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Hundreds of invasive species are for sale as garden plants in the U.S.

A new study by ecologists at the University of Massachusetts Amherst has revealed that 1,330 garden centers and online retailers are still selling invasive species as garden plants. Out of the hundreds of invasive plants that the team found available for sale, 20 species are illegal to grow or sell nationwide.

“Once we’ve recognized that an ornamental plant can be invasive, we would hope that commercial sales of that species would stop,” said study lead author Evelyn M. Beaury.

“But our findings show that our current framework for removing invasive plants from plant trade isn’t working. States are generally doing a good job limiting sales of their own regulated plants, but we found major inconsistencies in what’s being regulated across state borders. Nearly all states had at least one of their regulated plants sold in a neighboring state.”

The researchers found that 61 percent of 1,285 plant species identified as invasive in the U.S. remain available through the plant trade. This includes 50 percent of state-regulated species and 20 percent of federal noxious weeds.  

According to the study authors, the most concerning case of federally designated noxious weed sales is the availability of cogongrass (Imperata cylindrica), which they found to be offered by 33 vendors in 17 states. This aggressive species, which is native to Southeast Asia, has spread rapidly across the South in the last few decades and is classified as one of the world’s most invasive plants.

“This is a tricky case, because plant breeders are marketing a sterile cultivar. But research shows these plants are not completely sterile and can still become invasive,” explained Beaury.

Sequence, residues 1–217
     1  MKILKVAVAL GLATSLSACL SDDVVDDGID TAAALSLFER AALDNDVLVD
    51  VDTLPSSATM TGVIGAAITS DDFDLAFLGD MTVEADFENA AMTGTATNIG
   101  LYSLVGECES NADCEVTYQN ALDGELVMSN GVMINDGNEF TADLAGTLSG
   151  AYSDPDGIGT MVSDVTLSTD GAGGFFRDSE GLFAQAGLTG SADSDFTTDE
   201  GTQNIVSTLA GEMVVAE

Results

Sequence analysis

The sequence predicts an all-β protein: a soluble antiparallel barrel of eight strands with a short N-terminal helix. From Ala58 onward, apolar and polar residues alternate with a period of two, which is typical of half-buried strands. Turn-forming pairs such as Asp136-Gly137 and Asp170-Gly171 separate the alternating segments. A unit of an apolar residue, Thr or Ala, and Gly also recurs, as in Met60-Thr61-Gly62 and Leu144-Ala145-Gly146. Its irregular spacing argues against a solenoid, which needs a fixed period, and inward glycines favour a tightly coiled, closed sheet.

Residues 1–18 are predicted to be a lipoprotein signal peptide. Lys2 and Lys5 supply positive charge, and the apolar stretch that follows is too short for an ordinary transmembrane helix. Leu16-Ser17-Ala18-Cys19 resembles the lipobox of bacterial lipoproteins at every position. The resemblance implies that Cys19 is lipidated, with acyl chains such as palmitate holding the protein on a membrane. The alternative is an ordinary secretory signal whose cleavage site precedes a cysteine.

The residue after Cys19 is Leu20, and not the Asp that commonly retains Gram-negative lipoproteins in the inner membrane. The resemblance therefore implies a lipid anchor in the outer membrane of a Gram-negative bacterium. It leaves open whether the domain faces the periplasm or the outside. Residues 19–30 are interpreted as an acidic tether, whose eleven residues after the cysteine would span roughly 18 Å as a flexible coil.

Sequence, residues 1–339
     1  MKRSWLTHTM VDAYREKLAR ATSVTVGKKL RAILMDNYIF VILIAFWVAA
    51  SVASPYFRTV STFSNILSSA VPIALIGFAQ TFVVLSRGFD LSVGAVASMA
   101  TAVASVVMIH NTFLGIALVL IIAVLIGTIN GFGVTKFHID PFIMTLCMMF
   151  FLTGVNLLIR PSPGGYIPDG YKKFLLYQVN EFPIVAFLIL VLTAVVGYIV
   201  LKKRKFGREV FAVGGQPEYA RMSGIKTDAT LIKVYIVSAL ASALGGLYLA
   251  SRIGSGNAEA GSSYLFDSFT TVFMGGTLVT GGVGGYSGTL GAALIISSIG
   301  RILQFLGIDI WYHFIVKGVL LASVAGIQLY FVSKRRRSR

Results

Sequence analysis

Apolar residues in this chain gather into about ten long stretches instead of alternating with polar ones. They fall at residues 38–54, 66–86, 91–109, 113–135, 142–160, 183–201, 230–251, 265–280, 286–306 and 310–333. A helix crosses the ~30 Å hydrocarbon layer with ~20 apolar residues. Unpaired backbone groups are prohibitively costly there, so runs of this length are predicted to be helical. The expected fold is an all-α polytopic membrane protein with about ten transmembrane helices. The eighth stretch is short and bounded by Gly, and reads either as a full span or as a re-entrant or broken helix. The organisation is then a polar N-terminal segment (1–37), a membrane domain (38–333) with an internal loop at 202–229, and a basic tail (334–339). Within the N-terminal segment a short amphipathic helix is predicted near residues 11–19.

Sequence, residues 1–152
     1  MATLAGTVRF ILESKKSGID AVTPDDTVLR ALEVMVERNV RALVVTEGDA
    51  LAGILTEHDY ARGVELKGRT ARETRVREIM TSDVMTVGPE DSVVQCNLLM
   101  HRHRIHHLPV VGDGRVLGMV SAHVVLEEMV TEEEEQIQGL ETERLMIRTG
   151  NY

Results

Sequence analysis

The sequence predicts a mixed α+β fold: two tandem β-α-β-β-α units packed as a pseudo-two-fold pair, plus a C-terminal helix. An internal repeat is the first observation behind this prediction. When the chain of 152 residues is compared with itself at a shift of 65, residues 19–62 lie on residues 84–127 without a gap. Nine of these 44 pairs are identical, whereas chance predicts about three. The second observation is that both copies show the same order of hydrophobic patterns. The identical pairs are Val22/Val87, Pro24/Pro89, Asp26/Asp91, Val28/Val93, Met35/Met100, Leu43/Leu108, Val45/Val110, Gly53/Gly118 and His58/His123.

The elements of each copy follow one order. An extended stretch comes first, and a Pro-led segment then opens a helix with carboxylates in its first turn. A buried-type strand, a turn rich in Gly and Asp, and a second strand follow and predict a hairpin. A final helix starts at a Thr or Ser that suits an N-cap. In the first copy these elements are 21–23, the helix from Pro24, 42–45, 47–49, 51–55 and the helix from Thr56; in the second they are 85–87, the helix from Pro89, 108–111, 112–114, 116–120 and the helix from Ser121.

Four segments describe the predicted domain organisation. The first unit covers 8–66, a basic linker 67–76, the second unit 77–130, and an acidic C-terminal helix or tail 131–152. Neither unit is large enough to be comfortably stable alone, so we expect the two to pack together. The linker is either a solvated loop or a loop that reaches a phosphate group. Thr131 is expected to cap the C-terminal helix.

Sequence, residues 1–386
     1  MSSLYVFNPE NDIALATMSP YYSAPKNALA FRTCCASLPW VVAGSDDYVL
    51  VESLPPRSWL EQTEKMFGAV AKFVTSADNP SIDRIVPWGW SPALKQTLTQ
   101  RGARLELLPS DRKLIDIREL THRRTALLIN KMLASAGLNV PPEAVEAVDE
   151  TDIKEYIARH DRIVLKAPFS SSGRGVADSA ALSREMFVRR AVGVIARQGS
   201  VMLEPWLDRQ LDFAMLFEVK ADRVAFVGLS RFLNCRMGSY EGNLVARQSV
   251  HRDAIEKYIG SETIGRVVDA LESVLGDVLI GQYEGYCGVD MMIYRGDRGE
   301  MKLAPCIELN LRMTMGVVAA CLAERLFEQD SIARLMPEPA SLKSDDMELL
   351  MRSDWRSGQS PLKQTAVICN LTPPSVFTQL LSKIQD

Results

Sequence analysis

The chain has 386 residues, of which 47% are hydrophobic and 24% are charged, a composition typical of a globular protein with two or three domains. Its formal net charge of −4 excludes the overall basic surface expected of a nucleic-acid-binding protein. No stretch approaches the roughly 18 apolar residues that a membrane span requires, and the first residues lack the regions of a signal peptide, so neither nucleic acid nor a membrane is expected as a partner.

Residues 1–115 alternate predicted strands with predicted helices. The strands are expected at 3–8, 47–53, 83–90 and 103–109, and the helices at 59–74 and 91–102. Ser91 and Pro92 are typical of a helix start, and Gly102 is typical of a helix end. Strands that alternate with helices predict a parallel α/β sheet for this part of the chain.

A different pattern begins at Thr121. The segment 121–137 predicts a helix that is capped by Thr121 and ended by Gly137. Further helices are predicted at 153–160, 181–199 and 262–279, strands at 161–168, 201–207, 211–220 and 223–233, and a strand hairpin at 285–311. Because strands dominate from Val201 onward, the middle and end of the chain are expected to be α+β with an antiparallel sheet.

Some of the vendors are large online marketplaces like eBay and Amazon,  where invasive plants can be shipped across state borders.

“While patchy state regulations definitely contribute to the widespread availability of invasive plants in the U.S., it’s clear we as a public also lack awareness about which plants are invasive and how they spread to new areas,” said Beaury.

“We’ve already heard from state regulators that have used our results to follow up with growers selling invasive species. This is great news, and if we want to continue to protect native ecosystems, regulators and managers need more resources to do so.”

The researchers suggest that regional regulation, as well as outreach to growers and consumers, is needed to reduce the ongoing propagation of garden plants that are known to be invasive in the United States. 

“We’ve known for decades that many gardening and landscaping plants are invasive, but we’ve done little to stop propagating them. We can do better,” said study senior author Professor Bethany Bradley. 

The study is published in the journal Frontiers in Ecology and the Environment.

By Chrissy Sexton, Staff Writer

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